In the Tarot, Pamela Colman Smith depicted The Hermit as a white-bearded man holding a staff and a lantern on a snow-capped mountain peak. Although “hermit” evokes solitude, there is also a religious connotation to the word, and therefore a degree of voluntary action. The hermit is not one who is forced to be isolated, but rather one who is isolating in response to a calling. His label is not about punishment or exile, but one of vocation. This archetype resonates with how we are meant to be isolating now—not for our own sake but for the sake of something greater. But serving something greater doesn’t nullify the sacrifice of what one leaves behind, of who one leaves alone.
One of the most difficult aspects of the first week of social distancing was that I was no longer able to take care of people (or be taken care of) in the ways I know best. I could no longer walk into a classroom and feel the energetic pulse of my students; I could no longer shake up cocktails to share with friends in my living room; I could no longer hug or be hugged, hold or be held. Even as one who loves boundaries, navigating these sudden barriers seemed insurmountable.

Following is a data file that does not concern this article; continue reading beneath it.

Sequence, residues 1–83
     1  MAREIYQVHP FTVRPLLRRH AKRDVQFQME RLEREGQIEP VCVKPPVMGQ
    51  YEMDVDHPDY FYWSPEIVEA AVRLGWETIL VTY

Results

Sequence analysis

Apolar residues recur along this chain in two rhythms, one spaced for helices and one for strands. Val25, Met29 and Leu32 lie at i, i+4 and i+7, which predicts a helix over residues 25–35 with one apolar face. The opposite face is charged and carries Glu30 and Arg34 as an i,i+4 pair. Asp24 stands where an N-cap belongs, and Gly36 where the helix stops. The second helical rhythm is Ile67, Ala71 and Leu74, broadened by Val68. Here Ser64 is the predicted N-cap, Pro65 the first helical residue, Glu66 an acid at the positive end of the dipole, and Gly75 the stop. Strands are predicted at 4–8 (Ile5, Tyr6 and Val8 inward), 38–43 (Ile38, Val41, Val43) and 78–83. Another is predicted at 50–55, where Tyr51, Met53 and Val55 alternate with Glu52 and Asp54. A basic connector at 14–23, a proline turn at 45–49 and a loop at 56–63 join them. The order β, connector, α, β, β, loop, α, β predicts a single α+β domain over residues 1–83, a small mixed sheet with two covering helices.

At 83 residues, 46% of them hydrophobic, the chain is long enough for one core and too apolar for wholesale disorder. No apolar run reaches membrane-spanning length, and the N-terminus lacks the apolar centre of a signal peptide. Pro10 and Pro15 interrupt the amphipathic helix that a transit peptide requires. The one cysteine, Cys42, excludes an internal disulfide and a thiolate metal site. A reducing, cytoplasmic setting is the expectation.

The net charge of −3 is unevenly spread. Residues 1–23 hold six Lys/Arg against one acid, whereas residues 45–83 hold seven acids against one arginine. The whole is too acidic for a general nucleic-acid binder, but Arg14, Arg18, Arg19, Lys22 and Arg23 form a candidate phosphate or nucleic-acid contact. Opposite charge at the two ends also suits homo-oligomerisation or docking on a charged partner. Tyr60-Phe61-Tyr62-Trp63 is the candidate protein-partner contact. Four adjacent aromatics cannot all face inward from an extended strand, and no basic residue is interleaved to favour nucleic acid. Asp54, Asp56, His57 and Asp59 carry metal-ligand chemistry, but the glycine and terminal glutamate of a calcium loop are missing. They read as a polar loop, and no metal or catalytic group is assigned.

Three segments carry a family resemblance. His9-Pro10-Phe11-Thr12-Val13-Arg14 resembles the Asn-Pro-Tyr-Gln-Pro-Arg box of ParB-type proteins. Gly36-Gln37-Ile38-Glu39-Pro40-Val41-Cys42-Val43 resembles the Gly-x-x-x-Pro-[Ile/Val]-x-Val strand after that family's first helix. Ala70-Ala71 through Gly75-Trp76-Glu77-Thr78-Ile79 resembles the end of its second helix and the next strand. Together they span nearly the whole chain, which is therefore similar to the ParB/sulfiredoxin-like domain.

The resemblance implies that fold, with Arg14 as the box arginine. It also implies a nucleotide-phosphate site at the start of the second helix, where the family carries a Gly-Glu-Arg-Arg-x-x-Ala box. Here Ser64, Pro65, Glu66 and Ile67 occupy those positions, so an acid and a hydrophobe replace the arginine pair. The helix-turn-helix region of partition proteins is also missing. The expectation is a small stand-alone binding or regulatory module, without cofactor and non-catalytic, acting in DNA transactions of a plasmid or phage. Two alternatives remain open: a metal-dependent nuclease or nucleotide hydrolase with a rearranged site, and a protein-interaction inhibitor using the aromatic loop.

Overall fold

I wonder if there are really only two responses when presented with a problem: to figure something out or to resign oneself. The faces in All Over You appear resigned, defeated. But as the viewer of the painting, one can choose to figure something out about the pattern, to assemble a more nuanced understanding. There are slight variations of face and torso, and subtleties in the arrangement of curve and line. The title can be read two ways: All Over You, as in obsession, all-consuming desire, unbridled craving; or All Over You, as in the soon-to-be-forgotten, moving you to the past out of necessity, getting over it. As in, I’m moving on.